This paper will summarize the proposed research methodology of my dissertation topic on gender discrepancies in regards to African-American education. There has been a noticeable, growing increase in the presence of African-American women in undergraduate and graduate education while the gap between African-American males and females has widened. The dissertation will use mixed methods, grounded theory perspective to determine why this is the case. The overall theoretical perspective of the work will be rooted in critical race theory and poststructuralist concepts.
Quantitatively assessed questionnaires and coded qualitative interviews will attempt to answer the question of why African-American male participation in higher education lags behind that of African-American females. These trends will be contextualized in the overall, larger trend of increased female participation as a whole on the undergraduate and graduate levels, to the point that women are now graduating in greater numbers than their male colleagues.
As well as research questions specific to the dissertation, the relative merits of qualitative and quantitative research are briefly discussed, along with a comparison of non-experimental, experimental, and quasi-experimental research designs (this particular project uses a quasi-experimental design). The paper concludes with a discussion of ethical questions germane to the research methods used.
One of the most hotly-debated issues in higher education today is the question of the extent to which race may impact the ability of a student to obtain a degree and to fully participate in the opportunities of the future workplace. According to the Journal of Blacks in Higher Education, not only is there a race and class divide between African-Americans in higher education and Caucasians but there is also a gender divide within the African-American community itself: “data from the U.S. Census Bureau shows that in 2011, 18 percent of Black men over the age of 25 had obtained at least a bachelor’s degree. For Black women over the age of 25, 21.4 percent were college educated” (The gender gap, 2012, Journal of Blacks in Higher Education). In other words, the percentage of female African-Americans obtaining college degrees had exceeded those of male African-Americans.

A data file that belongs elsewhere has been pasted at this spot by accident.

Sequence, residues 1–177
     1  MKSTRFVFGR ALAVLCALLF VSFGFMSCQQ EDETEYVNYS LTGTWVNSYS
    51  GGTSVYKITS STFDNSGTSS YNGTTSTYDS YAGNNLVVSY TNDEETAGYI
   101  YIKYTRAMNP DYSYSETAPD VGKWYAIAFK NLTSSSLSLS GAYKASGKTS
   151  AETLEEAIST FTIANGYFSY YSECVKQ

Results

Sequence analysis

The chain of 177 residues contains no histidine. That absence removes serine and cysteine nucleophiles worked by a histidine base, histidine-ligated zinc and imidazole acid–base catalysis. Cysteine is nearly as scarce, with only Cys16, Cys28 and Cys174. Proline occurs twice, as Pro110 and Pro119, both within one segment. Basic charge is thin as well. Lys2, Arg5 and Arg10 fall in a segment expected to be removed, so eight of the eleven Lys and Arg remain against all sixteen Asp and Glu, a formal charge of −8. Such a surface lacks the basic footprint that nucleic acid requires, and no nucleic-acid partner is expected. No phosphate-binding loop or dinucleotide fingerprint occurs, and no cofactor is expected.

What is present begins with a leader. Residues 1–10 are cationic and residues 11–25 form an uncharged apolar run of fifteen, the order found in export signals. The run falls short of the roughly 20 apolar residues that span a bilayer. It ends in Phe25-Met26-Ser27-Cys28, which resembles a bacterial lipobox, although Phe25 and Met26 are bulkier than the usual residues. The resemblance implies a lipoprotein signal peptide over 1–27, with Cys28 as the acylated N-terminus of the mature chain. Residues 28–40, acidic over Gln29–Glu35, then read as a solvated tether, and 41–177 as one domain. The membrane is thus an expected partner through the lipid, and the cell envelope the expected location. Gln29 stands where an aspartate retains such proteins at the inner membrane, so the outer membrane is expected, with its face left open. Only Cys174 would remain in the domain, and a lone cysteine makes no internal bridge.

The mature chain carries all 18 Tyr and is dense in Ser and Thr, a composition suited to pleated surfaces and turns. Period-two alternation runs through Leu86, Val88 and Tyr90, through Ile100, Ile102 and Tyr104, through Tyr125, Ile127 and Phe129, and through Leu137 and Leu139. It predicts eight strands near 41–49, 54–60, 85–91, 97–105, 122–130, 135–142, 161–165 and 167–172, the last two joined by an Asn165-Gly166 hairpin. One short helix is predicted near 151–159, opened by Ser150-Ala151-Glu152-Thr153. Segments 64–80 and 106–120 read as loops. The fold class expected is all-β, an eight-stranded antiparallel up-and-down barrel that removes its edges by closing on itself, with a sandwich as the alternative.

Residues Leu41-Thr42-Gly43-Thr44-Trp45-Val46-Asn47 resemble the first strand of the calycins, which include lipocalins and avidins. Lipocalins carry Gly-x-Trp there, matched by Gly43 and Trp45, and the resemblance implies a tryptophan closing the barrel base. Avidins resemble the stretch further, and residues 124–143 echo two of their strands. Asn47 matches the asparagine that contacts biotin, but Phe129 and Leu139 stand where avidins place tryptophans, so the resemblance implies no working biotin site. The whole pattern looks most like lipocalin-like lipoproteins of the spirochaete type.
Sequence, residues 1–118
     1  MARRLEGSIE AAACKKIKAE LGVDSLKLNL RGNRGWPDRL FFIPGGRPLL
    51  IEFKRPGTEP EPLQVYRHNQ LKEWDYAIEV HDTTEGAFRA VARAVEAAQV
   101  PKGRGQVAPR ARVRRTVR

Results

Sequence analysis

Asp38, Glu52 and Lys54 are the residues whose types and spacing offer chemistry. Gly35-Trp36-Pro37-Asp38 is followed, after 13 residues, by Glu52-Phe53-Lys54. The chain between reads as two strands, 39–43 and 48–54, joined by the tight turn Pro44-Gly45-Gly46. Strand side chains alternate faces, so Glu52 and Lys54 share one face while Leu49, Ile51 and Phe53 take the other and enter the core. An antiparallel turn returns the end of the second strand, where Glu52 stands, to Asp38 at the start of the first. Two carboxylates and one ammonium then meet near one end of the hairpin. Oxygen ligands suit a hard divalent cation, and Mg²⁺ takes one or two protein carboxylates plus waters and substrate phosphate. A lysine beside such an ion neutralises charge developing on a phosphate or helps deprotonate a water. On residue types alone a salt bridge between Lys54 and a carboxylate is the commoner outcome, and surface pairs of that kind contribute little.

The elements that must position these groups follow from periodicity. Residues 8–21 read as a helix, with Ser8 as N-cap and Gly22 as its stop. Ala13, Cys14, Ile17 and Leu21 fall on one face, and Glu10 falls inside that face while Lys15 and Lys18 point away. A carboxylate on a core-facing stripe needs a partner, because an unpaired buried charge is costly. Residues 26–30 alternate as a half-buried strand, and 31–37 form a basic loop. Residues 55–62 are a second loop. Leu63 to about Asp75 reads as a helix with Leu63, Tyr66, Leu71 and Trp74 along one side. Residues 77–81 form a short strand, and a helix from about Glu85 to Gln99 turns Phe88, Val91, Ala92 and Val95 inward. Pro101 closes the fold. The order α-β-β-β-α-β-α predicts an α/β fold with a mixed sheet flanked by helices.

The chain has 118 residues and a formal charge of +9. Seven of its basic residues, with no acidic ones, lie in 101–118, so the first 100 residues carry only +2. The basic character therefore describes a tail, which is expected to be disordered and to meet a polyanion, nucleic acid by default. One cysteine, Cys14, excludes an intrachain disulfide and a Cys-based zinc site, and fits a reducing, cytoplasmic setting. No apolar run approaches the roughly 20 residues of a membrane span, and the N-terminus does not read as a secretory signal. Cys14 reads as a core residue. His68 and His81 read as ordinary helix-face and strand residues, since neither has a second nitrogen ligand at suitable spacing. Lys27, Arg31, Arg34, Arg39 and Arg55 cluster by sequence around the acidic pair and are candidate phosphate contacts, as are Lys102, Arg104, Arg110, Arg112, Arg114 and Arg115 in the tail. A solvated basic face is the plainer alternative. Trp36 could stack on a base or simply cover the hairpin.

Of course, this statistical trend is to some extent keeping with general demographic trends, which indicate that more and more women are obtaining undergraduate degrees in greater proportion than their male counterparts. Overall, “by the age of 23, 23 percent of women surveyed earned a bachelor's degree—compared with only 14 percent of men,” making women 60 percent more likely to obtain B.A.s (More women earn B.A. degrees than men, 2013, Huffington Post). But that general statistic hides the racial demographics behind these numbers, namely that the gap specific to African-Americans is much wider and is likely to remain so.
In fact, if the statistics regarding young African-American women are compared with young African-American males, the numbers are even more striking. “A generation or two ago, the gender gap in African American degree attainments heavily favored men. [But] for younger African Americans is far more pronounced. If we look at degree attainments for African Americans ages 25 to 29, we find that 16.1 percent of Black men hold at least a four-year college degree. For Black women ages 25 to 29, 22.9 percent are college educated” (The gender gap, 2012, Journal of Blacks in Higher Education). The gap is even wider at the graduate level: “some 56,000 young Black women aged 25 to 29 hold master’s degrees compared to only 23,000 young Black men” (The gender gap, 2012, Journal of Blacks in Higher Education). This proposed dissertation will seek to determine why this is the case using a mixed methods design that will fuse both qualitative and quantitative approaches.